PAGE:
I'd be interested to read positive feedback regarding this (preferably
big numbers!).

> Now that Oracle has pulled out, that is gone and TdF cannot replace
> it.  Regardless of individual feelings, the best the TdF and its
> members could do at this point would be to put on a smiling face,
> magnanimously congratulate the ASF for joining the community, and at
> least make it look like they were working closely with IBM to bring
> the best possible open document technologies to the world.  If most or
> almost all of the LO contributors joined the Apache OpenOffice
> project, if only to lend moral support and help heal the rift, that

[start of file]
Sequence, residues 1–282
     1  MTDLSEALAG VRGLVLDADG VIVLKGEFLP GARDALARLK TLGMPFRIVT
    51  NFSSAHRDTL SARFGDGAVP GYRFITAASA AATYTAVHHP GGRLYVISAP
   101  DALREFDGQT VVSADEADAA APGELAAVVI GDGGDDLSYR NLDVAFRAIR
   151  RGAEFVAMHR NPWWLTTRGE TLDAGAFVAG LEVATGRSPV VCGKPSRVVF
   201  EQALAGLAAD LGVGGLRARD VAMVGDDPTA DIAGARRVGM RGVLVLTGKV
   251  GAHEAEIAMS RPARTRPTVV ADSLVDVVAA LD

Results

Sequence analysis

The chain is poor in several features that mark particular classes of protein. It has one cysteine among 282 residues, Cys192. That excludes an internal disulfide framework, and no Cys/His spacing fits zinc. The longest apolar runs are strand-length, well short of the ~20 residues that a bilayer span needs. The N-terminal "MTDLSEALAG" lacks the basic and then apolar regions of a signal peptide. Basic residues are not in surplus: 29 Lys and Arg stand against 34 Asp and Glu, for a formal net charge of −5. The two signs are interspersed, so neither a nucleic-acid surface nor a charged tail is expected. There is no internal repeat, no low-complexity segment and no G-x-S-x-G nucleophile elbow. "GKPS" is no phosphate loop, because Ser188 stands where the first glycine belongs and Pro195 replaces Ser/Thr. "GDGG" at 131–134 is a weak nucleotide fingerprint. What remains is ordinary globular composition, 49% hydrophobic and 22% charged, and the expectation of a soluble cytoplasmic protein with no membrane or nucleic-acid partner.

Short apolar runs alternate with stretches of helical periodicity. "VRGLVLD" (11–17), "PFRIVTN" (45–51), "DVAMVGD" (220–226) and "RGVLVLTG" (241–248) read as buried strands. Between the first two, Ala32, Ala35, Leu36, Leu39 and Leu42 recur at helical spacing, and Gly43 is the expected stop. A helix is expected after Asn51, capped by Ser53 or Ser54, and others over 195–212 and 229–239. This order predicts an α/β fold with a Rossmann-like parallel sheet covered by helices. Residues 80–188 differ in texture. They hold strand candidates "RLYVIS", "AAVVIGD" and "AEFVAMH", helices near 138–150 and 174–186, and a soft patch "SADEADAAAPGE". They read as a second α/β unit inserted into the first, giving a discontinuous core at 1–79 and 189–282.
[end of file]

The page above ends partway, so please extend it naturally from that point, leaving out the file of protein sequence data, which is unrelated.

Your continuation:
> would only be good for LO and the TdF.  The best time to do that is
> now.

Simply don't agree - as of having bad *experience* regarding a big
company beeing bad balanced power community member.

I notice Your claims beeing questions of faith packed as facts and put
mine at the opposite side. So 1:1 ;o))

Gruß/regards
--
Friedrich
Libreoffice-Box http://libreofficebox.org/
LibreOffice and more on CD/DVD images


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Greg Stein Greg Stein
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Re: [Libreoffice] Proposal to join Apache OpenOffice

In reply to this post by Thorsten Behrens
On Wed, Jun 15, 2011 at 17:53, Thorsten Behrens
<[hidden email]> wrote:
>...
> Allen, how can you, with a straight face, ask people here to come
> over to a different project, that likely noone here is really happy
> with, that was setup as a fait acompli, marketed as the "natural
> upstream", removes rights from people's contributions, and is